ABE NOVICK , THE JERUSALEM POST
The block letters are like colorful playthings on Google's home page. They look like candy. They're shaped like toys.
But as Google grows ever more ubiquitous and as it enters into additional areas beyond search with its acquisition of YouTube, and now mobile communications with its new Nexus One, those playful letters stand as a larger cultural marker - the fusion between work and play.
Similar to the eroding divisions between church and state, editorial and advertising, technology has melded work and play together. And, just as there are ethical concerns to consider in the first two long-standing categorical divisions, there are also ones to consider in this latest union. Is this meta-merger a good or a bad thing?
Consider first, work was usually something that was deemed real, while play was often thought of as something imagined. Work was once done mainly with the hands, play done with the mind.
But technology has morphed away from industries where we make real stuff to manufacturing information. And when we do make hardware (stuff we can hold in our hands), it's geared to carry chimerical bytes of that ephemeral information.
Nowadays and compounded with this phenomenon is the explosion of mobile technology, the imagined and the real world of work and play that have converged, are constantly within reach.
Wired recently called the last decade "The Mobile Decade": "People got increasingly plugged into an always-on, totally portable, always-connected existence." Gadgetry ranged from 2001's original iPod to 2009's Kindle 2.
For most of the previous century, it was left to Hollywood to create and export movies and entertainment around the world starting as far back as 1895 eventually culminating to become one of the US's largest export businesses. According to the Bureau of Economic Analysis, between 1986 and 2005, foreign sales of US motion picture and video products rose from $1.91 billion to $10.4 billion (in 2005 dollars) - an increase of 444 percent.
BUT TODAY, because it's no longer a one-way boulevard and YouTube and social media and mobile communications allow anyone and everyone to freely upload and export entertainment, that number is off the charts and is next to impossible to quantify.
The same technology that is used to transmit and watch movies and entertainment are the exact same devices that carry the images of protest from Iran and more recently the devastation and destruction in Haiti via Twitter and YouTube.
Even the side-armed stalwart to the business traveler, the Blackberry, attached at the hip like a road warrior's armament, is advertised on television with a version of The Beatles, "All You Need Is Love," a song once sung signifying countercultural values - the very antithesis of money and commerce. Now the playfulness of flower power has become intimately linked to the transactions of a global economy.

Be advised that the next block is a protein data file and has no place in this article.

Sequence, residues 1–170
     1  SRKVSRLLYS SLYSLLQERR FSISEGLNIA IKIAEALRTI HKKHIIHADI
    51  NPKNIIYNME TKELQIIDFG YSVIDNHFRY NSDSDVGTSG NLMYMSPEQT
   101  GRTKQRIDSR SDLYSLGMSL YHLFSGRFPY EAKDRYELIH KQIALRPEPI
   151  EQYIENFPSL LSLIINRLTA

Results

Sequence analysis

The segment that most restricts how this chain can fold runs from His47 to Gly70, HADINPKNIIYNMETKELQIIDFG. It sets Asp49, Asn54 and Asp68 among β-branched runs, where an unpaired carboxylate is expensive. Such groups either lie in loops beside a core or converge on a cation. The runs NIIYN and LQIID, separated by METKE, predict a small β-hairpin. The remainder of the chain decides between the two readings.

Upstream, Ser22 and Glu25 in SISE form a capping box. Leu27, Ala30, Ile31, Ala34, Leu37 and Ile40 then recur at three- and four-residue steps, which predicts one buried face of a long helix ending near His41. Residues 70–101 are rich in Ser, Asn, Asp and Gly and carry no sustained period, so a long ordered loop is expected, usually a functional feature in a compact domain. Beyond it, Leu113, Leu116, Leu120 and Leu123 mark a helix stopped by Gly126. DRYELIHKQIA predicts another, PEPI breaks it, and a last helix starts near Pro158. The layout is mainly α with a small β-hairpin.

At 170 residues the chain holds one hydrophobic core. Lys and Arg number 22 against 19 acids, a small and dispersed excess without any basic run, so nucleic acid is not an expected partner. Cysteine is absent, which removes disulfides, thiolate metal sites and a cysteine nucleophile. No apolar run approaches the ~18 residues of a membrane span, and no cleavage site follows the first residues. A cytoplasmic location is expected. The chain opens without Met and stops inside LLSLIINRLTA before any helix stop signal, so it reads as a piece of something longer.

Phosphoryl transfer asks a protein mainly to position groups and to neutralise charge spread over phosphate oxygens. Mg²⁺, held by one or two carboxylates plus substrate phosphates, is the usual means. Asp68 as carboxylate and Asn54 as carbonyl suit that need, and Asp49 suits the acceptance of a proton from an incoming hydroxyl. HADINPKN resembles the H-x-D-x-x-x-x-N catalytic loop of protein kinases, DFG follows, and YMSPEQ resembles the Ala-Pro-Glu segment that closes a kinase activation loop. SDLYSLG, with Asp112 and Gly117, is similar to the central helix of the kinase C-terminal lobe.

Moreover, the lead business stories in the last month have been about NBC's bouncing comedian/entertainer Jay Leno's show back to 11:35 p.m. and whether celebrity golfer Tiger Woods should still be a spokesman for corporations.
What was once a purely entertainment story has been subsumed by the business of entertainment. All the while in the consumer's mind, work and play collide, creating a new reality while supplanting distinctions that once existed.
Ethereal celebrities become equated with the businesses they represent and then suffer a messy divorce, while once and future politicians become celebrity journalists delivering the news and spin that was previously aimed directly at them.
What are the existential ramifications of life lived on this new stratum? Is it purely a matter for the individual to make the distinction? Or has work and play become ever more indistinguishable?
The philosopher Jean Baudrillard used the allegory of a map so large and detailed and laid over the territory it represents that it becomes the real and precedes the territory. It is what he calls the hyperreal.
But while there's a truth woven into the allegory, his metaphor ignores the harsh facts on the ground. Critical of his take, Susan Sontag in one of her later books, Regarding the Pain of Others, pointed out, "It suggests, perversely, unseriously, that there is no real suffering in the world." Sontag's criticism is more apt than ever, given the non-stop news footage coming out of Haiti these days.
But what neither of them has lived to see is the enormous proliferation of lenses to view what fast become historical events and that create a global hall of mirrors. Likewise, as seen and heard through the same devices that are bringing songs and movies, the world of work and play converge closer together and the newest medium's message will impact the way truth and lie are distinguished.
In the end, while Google's childlike colors evoke play, the world they open us up to can often be more like the one seen through a glass darkly.
The writer is based in Baltimore and works in communications. www.abenovick.com